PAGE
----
I am trying to learn by myself, this is the problem I came across.

If $X_1, X_2 ..... X_n$ be an i.i.d. sample from $N(\theta, \theta^2)$ distribution, where $\theta > 0$ is unknown parameter.

What is the MLE $\hat\theta$ of $\theta$? And how do I show that MLE is consistent for $\theta$?

  • 2
    $\begingroup$ Welcome. Where are you stuck? What have you tried? $\endgroup$
    – Ale
    Dec 10, 2020 at 10:58

1 Answer 1


This is pretty straightforward. The PDF of each $X_i$ is : $$f_{X_i} (x) = \dfrac{1}{\theta\sqrt{2\pi}}\cdot \exp\left[-\dfrac{1}{2}\left(\dfrac{x - \theta}{\theta}\right)^2\right]\quad\quad\text{for}~i=1, 2, \cdots, n$$

Thus, the likelihood equation will be : $$L = \prod_{i=1}^n \dfrac{1}{\theta\sqrt{2\pi}}\cdot \exp\left[-\dfrac{1}{2}\left(\dfrac{x_i - \theta}{\theta}\right)^2\right] = \dfrac{1}{\theta^n (2\pi)^\frac{n}{2}}\cdot \exp\left[-\dfrac{1}{2}\sum_{i=1}^n \left(\dfrac{x}{\theta} - 1 \right)^2\right]$$ Therefore, $$-\log L = n \log \theta +\dfrac{n}{2} \log (2\pi) + \dfrac12 \displaystyle\sum_{i=1}^n \left(\dfrac{x}{\theta} - 1 \right)^2$$ In order to maximize $L$ , we must have $\dfrac{dL}{d\theta} = 0$ . Differentiating $L$ , equating to $0$ , we get : $$\dfrac{n}{\theta} - \sum_{i=1}^n \left(\dfrac{x}{\theta} - 1 \right)\cdot \dfrac{x_i}{\theta^2} = 0\quad~\implies~\quad \left(\dfrac{1}{\theta} \right)^2\cdot \sum_{i=1}^n x_i ^2 - \left(\dfrac{1}{\theta}\right) \cdot \sum_{i=1}^n x_i - n = 0$$ Solving this quadratic equation, we get that : $$\text{MLE}(\theta) ~=~ \hat{\theta} ~=~ \dfrac{2 \cdot \displaystyle\sum_{i=1}^n x_i^2}{\displaystyle\sum_{i=1}^n x_i + \sqrt{\left(\sum_{i=1}^n x_i \right)^2 + 4n\cdot \sum_{i=1}^n x_i^2} }$$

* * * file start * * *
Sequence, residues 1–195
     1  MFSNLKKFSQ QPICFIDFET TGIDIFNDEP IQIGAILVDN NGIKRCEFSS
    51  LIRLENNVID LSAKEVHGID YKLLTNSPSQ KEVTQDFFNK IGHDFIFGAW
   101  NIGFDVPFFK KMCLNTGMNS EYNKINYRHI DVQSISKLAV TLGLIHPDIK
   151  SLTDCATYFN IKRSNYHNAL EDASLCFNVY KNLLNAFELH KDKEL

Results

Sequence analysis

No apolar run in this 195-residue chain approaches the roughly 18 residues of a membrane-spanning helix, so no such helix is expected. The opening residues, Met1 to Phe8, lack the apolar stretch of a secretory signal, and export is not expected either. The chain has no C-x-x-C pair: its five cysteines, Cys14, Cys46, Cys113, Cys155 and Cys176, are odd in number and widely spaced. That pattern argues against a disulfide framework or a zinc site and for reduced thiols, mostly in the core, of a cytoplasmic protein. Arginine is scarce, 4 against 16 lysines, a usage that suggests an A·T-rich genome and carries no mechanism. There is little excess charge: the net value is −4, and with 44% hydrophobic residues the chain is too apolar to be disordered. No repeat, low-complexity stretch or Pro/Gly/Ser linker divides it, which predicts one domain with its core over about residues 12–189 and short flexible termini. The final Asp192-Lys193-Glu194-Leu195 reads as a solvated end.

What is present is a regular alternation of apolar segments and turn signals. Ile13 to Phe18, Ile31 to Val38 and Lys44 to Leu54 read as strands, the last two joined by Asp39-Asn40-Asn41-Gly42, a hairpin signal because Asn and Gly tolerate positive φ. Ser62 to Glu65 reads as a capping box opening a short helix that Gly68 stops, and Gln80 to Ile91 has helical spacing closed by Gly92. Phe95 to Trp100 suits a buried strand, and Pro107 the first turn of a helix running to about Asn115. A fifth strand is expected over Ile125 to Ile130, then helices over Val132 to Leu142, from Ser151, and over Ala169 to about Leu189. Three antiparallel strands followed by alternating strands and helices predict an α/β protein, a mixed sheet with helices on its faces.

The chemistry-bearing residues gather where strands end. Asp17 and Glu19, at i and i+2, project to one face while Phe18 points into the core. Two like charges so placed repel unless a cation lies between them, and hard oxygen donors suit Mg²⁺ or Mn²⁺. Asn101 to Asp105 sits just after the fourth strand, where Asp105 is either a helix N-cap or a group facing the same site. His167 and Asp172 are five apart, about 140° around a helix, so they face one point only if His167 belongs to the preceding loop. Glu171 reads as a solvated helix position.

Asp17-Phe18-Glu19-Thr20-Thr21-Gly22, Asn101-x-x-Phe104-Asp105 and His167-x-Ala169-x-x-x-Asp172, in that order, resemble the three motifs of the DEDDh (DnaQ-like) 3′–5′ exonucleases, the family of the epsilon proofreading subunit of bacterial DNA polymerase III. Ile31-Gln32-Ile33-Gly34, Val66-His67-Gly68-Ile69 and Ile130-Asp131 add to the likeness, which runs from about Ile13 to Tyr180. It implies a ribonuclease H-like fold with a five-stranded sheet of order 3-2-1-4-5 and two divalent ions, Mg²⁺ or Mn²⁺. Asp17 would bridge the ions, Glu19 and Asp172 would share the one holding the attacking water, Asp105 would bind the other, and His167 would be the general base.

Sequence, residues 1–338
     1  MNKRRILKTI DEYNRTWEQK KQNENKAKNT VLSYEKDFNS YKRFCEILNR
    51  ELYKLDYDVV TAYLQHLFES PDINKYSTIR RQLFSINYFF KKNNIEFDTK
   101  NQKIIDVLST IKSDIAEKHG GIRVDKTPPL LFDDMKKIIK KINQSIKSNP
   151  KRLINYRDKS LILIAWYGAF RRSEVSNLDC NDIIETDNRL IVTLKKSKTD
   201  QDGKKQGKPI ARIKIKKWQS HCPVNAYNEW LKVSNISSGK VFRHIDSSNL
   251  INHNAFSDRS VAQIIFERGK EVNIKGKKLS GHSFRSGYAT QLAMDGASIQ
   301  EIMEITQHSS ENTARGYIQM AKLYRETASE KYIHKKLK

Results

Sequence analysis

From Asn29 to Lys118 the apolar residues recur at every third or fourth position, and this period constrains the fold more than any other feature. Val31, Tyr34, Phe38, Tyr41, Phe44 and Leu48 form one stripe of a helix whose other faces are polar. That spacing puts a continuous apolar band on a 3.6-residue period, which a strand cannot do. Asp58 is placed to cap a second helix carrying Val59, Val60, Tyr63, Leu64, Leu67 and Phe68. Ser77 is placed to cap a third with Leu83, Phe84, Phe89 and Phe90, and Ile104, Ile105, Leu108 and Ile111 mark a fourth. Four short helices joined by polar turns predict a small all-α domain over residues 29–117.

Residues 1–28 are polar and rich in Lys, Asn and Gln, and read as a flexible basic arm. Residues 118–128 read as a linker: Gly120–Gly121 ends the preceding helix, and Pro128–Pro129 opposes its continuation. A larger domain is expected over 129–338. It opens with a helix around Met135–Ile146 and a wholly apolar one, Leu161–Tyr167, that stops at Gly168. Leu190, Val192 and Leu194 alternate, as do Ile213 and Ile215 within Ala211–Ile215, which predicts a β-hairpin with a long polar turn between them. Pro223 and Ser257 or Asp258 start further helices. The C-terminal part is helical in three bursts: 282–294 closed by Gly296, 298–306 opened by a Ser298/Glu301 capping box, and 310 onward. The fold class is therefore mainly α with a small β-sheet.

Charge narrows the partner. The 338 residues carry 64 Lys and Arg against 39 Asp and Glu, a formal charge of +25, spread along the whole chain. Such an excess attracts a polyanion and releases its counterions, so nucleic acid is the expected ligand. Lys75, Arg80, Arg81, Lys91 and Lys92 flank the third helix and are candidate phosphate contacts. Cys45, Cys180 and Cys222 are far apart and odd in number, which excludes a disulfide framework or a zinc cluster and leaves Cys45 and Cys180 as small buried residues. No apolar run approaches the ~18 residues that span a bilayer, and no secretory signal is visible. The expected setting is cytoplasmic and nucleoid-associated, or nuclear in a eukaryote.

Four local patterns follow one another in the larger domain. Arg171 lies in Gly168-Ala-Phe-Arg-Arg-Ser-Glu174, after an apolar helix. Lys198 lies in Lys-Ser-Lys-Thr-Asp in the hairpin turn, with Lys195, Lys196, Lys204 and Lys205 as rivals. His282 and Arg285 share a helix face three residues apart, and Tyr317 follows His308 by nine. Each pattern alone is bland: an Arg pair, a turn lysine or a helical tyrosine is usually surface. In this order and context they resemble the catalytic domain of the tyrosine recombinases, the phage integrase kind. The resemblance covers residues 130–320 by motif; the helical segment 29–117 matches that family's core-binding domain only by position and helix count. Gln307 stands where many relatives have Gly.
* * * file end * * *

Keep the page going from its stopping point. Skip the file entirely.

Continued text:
Check my calculation once. I may be wrong somewhere.

  • $\begingroup$ Presumably the quadratic has two solutions (why does you final expression not include $n$?) and you may need to check which if either gives a maximum: for example I would expect something strange to happen in some cases if $\sum x_i < 0$ $\endgroup$
    – Henry
    Dec 10, 2020 at 11:32
  • $\begingroup$ My final expression had a small typo, I fixed it almost immediately after writing my answer. The other root of the quadratic is not a correct answer because $\theta$ would have been negative in that case. $\endgroup$
    – Kolmogorov
    Dec 10, 2020 at 14:50
  • $\begingroup$ @Henry yes, we should check whether the 2nd derivative is positive or not. I have omitted that in my solution. However, in most cases, I have seen that the equation which we get after setting $\frac{dL}{d\theta} = 0$ produces a solution which actually maximizes the log-likelihood (and not minimizes it). I don't know why this happens. It'll be helpful if you can say why $\hat{\theta}$ maximizes $L$, without calculating the 2nd derivative. $\endgroup$
    – Kolmogorov
    Dec 10, 2020 at 15:00
  • $\begingroup$ I see your point. If $n=2, x_1=-1,x_2=-2$ then your expression gives $\hat \theta=2.5$ and a quick curve sketch shows this strange result is indeed the maximum of the likelihood $\endgroup$
    – Henry
    Dec 10, 2020 at 15:09
  • $\begingroup$ Intuitively that's clear. However, that's surely not a rigorous thing. Anyway, it serves our purpose. $\endgroup$
    – Kolmogorov
    Dec 10, 2020 at 15:22

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